The Mennello Museum of American Art and its exhibitions are generously supported by the City of Orlando and Friends of the Mennello Museum of American Art. Orange County Government provides additional funding through the Arts & Cultural Affairs Program and United Arts of Central Florida. Sponsored in part by the State of Florida, Department of State, Division of Cultural Affairs and the Florida Council on Arts and Culture, and Visit Orlando. The exhibition is funded in part by the generous donors to the Frank Holt Fund, Strengthen Orlando, City of Orlando.
The Mennello Museum of American Art is owned and operated by the City of Orlando.
Upcoming Events and Exhibits at Mennello Museum of American Art
Now – April 11, 2021// American Artists in the Southwest & American Paintings
Sunday, March 28, April 4, 11, 18, 25 // Yoga in the Sculpture Garden led by Full Circle Yoga Winter Park // 9 a.m.
April 3 & 4 // Museums on Us Weekend // Sat. – 10:30 a.m. - 4:30 p.m. & Sun. – 12 p.m. - 4:30 p.m.
Sunday, April 11 // Virtual Free Family Fun Day // 12 p.m. – 2:30 p.m.
April 23 – August 1, 2021 // The Grand Portraits of Eddy Mumma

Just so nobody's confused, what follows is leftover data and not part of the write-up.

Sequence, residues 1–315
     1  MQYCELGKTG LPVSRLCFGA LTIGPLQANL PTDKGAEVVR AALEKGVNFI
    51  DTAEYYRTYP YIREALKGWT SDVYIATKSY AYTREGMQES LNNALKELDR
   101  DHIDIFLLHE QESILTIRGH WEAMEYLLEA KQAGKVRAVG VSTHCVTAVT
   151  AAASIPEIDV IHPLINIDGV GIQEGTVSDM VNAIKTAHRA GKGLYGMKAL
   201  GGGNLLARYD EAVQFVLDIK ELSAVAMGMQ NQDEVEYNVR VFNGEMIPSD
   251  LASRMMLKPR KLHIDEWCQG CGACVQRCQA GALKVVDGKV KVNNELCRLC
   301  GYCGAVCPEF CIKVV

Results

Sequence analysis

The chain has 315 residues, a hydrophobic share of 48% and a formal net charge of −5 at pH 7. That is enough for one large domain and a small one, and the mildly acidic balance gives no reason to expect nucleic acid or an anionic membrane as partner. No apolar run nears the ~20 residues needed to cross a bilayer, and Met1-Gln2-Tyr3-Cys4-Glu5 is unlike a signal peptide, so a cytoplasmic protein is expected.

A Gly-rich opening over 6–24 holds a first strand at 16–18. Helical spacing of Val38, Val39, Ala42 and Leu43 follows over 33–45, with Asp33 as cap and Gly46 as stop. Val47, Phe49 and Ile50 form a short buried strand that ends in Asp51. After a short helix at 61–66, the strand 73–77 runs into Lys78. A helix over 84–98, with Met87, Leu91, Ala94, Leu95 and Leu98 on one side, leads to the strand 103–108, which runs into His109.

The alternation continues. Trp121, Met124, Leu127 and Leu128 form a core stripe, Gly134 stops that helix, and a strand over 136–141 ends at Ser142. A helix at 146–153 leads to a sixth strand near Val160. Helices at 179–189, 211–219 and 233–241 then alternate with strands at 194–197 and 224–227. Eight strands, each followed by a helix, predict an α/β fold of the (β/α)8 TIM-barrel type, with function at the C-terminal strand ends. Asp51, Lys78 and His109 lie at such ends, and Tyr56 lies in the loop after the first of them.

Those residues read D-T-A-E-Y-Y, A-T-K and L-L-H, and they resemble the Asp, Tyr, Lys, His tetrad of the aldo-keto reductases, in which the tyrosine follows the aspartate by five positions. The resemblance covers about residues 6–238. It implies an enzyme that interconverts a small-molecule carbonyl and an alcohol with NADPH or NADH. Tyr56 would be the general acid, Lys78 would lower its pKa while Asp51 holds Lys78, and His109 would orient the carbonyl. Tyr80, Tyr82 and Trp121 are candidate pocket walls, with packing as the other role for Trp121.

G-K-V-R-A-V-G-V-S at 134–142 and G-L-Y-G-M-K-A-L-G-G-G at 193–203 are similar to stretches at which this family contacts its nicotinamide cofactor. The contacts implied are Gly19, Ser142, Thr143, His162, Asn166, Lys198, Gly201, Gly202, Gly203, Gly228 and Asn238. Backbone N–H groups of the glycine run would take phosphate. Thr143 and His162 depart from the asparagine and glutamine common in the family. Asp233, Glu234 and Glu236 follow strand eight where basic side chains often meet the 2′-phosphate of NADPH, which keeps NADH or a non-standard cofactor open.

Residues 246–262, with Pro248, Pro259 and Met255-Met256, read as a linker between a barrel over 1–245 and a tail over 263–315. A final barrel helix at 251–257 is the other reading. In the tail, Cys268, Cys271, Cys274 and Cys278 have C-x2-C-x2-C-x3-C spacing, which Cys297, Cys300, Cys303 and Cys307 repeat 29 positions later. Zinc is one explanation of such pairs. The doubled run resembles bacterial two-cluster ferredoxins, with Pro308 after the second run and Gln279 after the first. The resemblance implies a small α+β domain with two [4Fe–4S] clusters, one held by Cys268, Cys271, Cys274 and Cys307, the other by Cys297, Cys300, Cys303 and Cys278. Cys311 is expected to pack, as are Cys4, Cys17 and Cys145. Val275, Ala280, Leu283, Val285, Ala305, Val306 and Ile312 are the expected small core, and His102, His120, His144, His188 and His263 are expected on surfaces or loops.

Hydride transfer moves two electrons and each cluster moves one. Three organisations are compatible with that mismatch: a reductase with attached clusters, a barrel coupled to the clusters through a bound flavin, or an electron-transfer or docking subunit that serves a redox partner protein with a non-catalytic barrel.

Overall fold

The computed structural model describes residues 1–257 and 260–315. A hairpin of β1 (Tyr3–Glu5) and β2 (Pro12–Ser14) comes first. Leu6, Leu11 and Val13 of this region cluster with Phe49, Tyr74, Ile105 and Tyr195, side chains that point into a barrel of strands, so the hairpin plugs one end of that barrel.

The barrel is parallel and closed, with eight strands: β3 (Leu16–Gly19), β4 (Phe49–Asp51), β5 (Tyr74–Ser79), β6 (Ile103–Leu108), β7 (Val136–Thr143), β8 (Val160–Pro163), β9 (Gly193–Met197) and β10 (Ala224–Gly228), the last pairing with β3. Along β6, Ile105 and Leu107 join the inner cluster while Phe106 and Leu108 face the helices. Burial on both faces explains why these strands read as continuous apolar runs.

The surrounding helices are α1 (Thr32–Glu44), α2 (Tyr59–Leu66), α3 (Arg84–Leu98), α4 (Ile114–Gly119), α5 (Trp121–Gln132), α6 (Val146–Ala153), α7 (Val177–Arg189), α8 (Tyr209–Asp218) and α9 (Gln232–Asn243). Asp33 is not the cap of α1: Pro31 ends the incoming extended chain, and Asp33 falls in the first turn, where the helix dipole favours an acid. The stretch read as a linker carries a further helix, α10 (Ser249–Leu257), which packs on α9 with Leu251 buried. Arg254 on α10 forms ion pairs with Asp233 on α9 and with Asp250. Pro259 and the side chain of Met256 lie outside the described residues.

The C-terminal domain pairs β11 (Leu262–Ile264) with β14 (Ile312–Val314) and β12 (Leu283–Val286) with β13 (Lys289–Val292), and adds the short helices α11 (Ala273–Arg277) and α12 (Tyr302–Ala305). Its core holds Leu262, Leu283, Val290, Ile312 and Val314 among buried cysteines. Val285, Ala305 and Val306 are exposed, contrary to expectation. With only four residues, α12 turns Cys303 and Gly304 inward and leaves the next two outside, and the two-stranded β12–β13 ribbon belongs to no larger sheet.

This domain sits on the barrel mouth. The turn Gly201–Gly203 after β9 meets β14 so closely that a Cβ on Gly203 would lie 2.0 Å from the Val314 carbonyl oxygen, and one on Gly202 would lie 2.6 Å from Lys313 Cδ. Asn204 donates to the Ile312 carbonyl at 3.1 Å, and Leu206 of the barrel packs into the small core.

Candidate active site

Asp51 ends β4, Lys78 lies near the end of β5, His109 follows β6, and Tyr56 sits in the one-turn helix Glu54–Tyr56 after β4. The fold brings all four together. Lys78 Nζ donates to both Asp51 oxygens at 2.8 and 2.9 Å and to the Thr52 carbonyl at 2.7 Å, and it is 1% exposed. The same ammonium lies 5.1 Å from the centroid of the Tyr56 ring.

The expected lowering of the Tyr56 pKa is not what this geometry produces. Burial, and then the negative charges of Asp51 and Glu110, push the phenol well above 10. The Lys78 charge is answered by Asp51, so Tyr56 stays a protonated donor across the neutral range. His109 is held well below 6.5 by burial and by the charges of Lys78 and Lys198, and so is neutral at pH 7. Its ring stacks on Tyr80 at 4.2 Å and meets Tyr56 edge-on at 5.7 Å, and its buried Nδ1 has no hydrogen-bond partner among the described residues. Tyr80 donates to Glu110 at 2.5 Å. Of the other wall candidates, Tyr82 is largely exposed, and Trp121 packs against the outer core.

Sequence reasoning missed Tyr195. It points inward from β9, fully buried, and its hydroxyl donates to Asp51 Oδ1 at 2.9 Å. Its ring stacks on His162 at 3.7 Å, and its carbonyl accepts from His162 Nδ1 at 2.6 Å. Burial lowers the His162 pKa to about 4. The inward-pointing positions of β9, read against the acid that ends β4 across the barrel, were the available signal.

About the Museum
The Mennello Museum of American Art, owned and operated by the City of Orlando, is located on the beautiful shore of Lake Formosa in Orlando’s Loch Haven Cultural Park. The museum provides residents and visitors welcoming opportunities to understand and value creativity through innovative experiences with art further connecting it to nature and communal gathering. Our goal is to encourage creative and diverse experiences with art that nurtures audiences while reflecting the dynamic relationship between art and society. In addition to housing the permanent collection of folk modernist Earl Cunningham, the museum presents temporary exhibitions that feature a broad range of American art from traditional to contemporary practices.
The Mennello Museum is located at 900 E. Princeton Street, Orlando, FL 32803.
The Mennello Museum of American Art and its exhibitions are generously supported by the City of Orlando and Friends of The Mennello Museum of American Art.
Additional funding is provided by Orange County Government through the Arts & Cultural Affairs Program and United Arts of Central Florida. Sponsored in part
by the State of Florida, Department of State, Division of Cultural Affairs and the Florida Council on Arts and Culture.